A New York Times Interview With Actor and Director Mel Brooks About Books and Writing

From a New York Times By the Book interview headlined “How ‘Dead Souls’ Taught Mel Brooks What Comedy Writing Could Be”:

What books are on your night stand?

You may be surprised to learn that on my nightstand is a book called “The Art of Cooking Omelettes,” by Madame Romaine de Lyon. It’s an incredible cookbook with hundreds of French omelette recipes. I’m a bit of an omelette connoisseur, and every night before I go to sleep I love dreaming about which omelette I’ll have for breakfast the next day.

When I was writing the musical of “The Producers” for Broadway with my wonderful collaborator Thomas Meehan, we’d often meet for brunch at Madame Romaine de Lyon’s restaurant in New York. A lot of “The Producers” musical was actually written while Tom and I were having a jambon, fromage and tomate omelette (ham, cheese and tomato). They were always perfectly cooked, slightly browned on the outside and soft and runny in the middle. The French call that baveuse. I call it heaven.

Describe your ideal reading experience (when, where, what, how).

The ideal reading experience for me is when I’m reclining in a lounge chair under the cool shade of a huge umbrella on my back porch in Santa Monica, Calif. It’s very peaceful and allows me to really get lost in a book.

Which writers — novelists, playwrights, critics, journalists, poets — working today do you admire most?

If you’ll permit me, let me be a proud father and say that one of the writers I admire is my son Max Brooks. He is the author of several great books including “The Zombie Survival Guide,” “World War Z” and “Devolution.” (By the way, they’re best sellers. So it’s not just me bragging!)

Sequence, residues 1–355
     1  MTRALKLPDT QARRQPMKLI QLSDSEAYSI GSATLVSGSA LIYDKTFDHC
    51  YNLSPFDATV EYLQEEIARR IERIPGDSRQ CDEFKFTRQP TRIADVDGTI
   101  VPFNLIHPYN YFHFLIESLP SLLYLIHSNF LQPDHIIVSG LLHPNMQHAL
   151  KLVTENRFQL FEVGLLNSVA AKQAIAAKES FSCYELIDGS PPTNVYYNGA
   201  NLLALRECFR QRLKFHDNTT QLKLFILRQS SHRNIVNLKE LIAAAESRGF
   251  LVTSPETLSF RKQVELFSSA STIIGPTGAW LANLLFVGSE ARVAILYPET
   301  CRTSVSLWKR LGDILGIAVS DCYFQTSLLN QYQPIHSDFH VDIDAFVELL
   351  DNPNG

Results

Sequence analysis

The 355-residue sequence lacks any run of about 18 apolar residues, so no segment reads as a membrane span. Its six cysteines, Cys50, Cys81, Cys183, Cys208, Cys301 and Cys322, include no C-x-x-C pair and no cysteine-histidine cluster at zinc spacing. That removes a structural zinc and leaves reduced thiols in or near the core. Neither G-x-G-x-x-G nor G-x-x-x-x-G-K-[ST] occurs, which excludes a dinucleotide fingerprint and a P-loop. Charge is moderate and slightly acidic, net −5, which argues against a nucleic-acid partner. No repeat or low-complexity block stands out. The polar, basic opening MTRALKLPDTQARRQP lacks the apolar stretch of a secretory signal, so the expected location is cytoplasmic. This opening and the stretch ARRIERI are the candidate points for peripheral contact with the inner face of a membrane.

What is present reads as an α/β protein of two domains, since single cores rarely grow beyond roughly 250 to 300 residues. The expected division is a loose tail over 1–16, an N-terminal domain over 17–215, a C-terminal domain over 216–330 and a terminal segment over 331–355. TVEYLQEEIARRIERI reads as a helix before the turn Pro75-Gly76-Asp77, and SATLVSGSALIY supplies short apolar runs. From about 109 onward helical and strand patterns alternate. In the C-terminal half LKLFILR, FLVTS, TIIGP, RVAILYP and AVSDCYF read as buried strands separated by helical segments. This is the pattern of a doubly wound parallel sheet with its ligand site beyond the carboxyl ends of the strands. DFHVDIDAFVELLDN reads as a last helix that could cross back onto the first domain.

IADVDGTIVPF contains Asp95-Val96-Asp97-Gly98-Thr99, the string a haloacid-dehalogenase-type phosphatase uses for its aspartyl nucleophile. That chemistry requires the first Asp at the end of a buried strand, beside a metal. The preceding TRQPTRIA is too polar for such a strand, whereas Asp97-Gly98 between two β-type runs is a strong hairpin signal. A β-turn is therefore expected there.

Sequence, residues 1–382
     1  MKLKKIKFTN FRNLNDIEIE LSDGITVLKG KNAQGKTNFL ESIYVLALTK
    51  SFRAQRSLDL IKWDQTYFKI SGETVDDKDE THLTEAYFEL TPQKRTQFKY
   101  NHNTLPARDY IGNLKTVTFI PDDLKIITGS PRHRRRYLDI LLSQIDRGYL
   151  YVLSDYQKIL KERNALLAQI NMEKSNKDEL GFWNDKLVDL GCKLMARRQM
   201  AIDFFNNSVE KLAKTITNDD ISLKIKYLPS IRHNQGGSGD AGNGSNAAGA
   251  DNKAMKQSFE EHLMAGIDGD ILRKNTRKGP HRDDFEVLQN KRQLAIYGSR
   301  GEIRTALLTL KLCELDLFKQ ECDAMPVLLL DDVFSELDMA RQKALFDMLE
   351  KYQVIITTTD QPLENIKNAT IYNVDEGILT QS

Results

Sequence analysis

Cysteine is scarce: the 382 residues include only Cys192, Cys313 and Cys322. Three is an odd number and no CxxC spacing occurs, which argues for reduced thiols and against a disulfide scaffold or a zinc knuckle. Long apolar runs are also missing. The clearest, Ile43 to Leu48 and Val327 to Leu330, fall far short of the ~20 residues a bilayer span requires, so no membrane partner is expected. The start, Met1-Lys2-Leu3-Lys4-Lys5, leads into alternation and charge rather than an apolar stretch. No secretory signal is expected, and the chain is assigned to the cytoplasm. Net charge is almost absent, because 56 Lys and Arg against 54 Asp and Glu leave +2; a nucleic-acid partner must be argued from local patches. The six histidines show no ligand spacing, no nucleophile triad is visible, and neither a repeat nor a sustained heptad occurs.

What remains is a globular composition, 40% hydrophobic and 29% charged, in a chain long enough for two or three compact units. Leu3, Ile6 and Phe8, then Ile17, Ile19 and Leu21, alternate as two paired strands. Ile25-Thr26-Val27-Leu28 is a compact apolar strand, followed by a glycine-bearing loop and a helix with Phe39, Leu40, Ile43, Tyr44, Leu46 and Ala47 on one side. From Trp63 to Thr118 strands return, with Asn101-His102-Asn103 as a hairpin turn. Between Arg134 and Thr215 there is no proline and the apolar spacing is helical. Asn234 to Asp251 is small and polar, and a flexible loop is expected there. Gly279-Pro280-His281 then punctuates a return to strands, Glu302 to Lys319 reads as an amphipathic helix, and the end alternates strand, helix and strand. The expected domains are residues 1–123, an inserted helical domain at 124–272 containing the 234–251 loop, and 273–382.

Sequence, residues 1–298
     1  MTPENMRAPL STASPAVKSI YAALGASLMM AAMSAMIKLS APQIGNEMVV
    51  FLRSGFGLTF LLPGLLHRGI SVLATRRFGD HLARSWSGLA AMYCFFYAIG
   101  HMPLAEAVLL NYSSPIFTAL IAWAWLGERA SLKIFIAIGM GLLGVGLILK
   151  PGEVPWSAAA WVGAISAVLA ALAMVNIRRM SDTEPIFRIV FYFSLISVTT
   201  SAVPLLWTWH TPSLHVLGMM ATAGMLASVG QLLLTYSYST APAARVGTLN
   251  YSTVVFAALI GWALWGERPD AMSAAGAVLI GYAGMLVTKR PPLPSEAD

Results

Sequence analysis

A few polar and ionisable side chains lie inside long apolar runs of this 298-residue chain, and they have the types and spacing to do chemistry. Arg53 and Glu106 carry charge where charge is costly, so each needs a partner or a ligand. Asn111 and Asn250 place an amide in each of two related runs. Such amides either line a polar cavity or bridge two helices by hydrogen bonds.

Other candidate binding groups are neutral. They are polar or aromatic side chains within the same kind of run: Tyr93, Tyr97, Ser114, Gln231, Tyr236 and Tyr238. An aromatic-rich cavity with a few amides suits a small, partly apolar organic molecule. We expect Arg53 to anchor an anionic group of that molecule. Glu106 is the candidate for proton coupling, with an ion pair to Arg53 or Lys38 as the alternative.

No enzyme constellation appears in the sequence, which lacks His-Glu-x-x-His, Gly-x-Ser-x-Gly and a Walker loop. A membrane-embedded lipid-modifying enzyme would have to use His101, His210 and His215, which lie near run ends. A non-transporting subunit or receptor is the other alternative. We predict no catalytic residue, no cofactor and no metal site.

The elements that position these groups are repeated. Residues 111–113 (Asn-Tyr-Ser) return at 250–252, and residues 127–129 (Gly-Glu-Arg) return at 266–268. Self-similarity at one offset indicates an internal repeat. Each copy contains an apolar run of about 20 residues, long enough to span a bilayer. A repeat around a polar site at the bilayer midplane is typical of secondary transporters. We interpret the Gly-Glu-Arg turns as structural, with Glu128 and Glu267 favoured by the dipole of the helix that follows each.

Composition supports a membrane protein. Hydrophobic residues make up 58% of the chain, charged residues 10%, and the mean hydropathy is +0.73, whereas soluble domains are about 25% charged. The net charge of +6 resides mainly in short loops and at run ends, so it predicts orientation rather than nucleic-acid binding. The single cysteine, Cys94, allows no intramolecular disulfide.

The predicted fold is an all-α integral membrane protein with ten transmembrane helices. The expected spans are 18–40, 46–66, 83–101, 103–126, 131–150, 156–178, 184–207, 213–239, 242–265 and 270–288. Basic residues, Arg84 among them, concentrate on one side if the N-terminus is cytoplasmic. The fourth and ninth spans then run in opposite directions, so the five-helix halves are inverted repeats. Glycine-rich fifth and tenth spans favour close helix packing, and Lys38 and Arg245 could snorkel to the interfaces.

Which writers — novelists, playwrights, critics, journalists, poets — working today do you admire most?

If you’ll permit me, let me be a proud father and say that one of the writers I admire is my son Max Brooks. He is the author of several great books including “The Zombie Survival Guide,” “World War Z” and “Devolution.” (By the way, they’re best sellers. So it’s not just me bragging!)

What books, if any, most contributed to your artistic development?

I could name influential authors like Thomas Hardy, Henry Fielding, Gustave Flaubert, Victor Hugo, Herman Melville, Dickens, Tolstoy, Dostoyevsky, Molière and a hundred others who all had an impact on my writing. But there is a whole other group of great writers who are not always recognized as such because they didn’t write books — they wrote lyrics.

My artistic development was influenced by so many great lyricists. A few that come to mind are of course Cole Porter with “You Do Something to Me” (Do do that voodoo that you do so well), Irving Berlin with “Let’s Face the Music and Dance” (Before the fiddlers have fled / Before they ask us to pay the bill / and while we still have the chance / Let’s face the music and dance), Yip Harburg with “Over the Rainbow” (Where troubles melt like lemon drops / Away above the chimney tops / That’s where you’ll find me), Ira Gershwin with “S’Wonderful” (‘S marvelous / You should care for me / ‘S awful nice / ‘S paradise / ‘S what I love to see), Alan Jay Lerner with “Wouldn’t It Be Loverly?” (Lots of chocolate for me to eat / Lots of coal makin’ lots of heat / Warm face, warm hands, warm feet / Oh, wouldn’t it be loverly?), Oscar Hammerstein II with “Ol’ Man River” (I gets weary, an’ sick o’ tryin’ / I’m tired of livin’ and I’m scared of dyin’) and Irving Mills with “It Don’t Mean a Thing” (It don’t mean a thing, all you got to do is sing / Doo-ah, doo-ah, doo-ah, doo-ah). Maybe not recognized among the most famous lyricists is Irving Caesar, who wrote “Tea for Two” and together with George Gershwin the unforgettable “Swanee” — in the middle of which there is this little genius run of letters spelling out “dixie” (D-I-X-I-E-ven though my mammy’s waiting for me / Praying for me, down by the Swanee).